July 14 (Reuters) - The U.S. Treasury Department is asking primary dealers their views on what specific bonds it should issue more of when it needs to raise more funds through the bond market, and for details around how a likely bond repurchase program would work.

The Treasury noted that it may need to “modestly” increase the size of some of its coupon-bearing debt auctions as soon as August and asked banks which maturities they expect to see increased, and how size increases should be managed across the Treasury curve.

It also queried dealers on whether it should increase sales of floating-rate notes and/or Treasury Inflation-Protected Securities (TIPS) as part of this process.

The Treasury also asked banks their opinions on details around a bond repurchase program that it has previously indicated is likely to begin in 2024.

This program is meant to help boost liquidity in the $25 trillion market, which has deteriorated due to the market’s growing size, Federal Reserve interest rate hikes and changes in banking regulations.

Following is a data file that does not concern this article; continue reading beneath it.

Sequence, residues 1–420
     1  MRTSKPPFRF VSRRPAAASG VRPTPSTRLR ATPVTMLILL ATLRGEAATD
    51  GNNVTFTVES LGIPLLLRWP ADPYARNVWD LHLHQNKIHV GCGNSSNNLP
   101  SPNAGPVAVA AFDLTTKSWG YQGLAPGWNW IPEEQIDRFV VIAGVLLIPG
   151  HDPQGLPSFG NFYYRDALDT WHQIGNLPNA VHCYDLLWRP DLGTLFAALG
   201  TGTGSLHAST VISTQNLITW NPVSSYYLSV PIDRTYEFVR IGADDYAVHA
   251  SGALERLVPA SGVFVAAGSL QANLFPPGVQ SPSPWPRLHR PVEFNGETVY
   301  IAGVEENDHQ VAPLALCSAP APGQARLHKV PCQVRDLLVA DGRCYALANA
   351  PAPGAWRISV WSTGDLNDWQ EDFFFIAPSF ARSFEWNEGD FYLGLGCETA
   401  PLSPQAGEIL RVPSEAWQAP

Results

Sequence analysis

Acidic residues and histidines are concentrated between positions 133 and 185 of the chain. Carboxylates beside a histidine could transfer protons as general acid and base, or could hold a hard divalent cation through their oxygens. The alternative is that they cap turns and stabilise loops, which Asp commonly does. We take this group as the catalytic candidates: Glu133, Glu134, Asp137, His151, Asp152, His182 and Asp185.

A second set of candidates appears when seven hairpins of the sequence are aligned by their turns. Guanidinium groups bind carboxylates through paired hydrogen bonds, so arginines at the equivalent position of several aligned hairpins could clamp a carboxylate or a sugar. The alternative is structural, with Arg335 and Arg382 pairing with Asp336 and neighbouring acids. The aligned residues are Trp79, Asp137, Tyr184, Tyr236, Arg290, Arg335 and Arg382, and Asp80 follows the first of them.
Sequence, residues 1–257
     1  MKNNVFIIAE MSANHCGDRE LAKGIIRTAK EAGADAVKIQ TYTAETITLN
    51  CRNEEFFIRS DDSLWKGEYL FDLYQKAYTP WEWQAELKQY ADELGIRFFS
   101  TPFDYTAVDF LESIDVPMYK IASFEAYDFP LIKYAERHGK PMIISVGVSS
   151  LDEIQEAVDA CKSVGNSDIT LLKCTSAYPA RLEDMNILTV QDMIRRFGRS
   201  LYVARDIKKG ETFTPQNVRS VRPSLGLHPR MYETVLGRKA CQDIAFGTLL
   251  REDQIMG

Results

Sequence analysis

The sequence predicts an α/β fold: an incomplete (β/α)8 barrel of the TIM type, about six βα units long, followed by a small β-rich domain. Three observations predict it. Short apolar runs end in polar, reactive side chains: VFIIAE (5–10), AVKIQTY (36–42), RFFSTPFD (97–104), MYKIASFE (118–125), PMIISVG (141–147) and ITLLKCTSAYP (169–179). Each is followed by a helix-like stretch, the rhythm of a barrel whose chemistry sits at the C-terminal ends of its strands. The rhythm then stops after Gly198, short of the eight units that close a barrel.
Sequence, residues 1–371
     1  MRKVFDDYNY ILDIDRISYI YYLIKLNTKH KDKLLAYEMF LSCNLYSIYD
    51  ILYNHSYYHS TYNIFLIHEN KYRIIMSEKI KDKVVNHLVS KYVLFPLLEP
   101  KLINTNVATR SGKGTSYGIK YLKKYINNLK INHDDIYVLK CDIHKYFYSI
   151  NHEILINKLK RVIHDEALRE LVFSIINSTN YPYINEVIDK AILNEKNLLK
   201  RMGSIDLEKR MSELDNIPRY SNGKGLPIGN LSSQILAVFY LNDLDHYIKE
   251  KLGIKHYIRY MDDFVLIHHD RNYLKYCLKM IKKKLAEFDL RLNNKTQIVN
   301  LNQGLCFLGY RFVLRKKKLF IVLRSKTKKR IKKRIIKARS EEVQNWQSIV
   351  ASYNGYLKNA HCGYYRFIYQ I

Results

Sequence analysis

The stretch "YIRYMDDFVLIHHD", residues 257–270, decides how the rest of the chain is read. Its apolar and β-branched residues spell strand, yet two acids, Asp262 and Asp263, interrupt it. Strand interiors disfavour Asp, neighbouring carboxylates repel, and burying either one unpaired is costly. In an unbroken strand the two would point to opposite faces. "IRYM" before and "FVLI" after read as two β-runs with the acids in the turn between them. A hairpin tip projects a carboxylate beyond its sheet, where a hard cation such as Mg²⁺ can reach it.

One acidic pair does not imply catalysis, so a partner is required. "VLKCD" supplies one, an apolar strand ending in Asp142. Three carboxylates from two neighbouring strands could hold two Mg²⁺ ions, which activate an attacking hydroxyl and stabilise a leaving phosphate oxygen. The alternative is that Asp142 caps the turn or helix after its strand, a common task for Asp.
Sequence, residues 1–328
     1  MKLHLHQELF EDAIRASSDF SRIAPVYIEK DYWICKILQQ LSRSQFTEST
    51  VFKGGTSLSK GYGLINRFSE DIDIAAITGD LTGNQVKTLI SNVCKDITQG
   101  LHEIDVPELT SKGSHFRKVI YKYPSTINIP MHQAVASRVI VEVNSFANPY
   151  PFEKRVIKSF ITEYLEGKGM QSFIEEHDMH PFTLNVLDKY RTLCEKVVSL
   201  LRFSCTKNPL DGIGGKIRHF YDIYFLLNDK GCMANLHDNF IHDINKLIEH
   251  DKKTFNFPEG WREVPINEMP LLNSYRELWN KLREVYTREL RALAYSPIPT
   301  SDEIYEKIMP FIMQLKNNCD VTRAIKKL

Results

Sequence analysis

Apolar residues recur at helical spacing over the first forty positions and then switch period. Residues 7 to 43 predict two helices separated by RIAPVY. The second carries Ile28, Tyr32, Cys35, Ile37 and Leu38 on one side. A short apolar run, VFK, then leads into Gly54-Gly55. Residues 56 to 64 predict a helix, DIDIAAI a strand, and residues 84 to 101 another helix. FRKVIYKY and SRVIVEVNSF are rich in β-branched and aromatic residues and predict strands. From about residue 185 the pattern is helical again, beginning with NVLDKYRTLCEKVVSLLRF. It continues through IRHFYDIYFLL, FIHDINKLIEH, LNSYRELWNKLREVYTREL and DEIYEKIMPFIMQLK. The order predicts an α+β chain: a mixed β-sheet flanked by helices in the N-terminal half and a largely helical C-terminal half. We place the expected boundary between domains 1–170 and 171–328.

The questions include whether certain issues should be excluded from buyback operations, such as securities that are the cheapest-to-deliver in futures contracts, those that trade with large premiums in the repurchase agreement market or based on how recently they were issued.

It also asked if some issues should be excluded based on how much of the security is outstanding in the private market, and what measures should be used to evaluate whether to accept offers that are submitted in buyback operations.

It further queried what the risks and benefits are of comparing offers to market prices or measures of relative value, and whether these measures would indicate which securities would benefit most from liquidity support.

The questions are being posed as part of its regular survey of dealers before each of its quarterly refunding announcements. (Reporting By Karen Brettell; Editing by Chizu Nomiyama)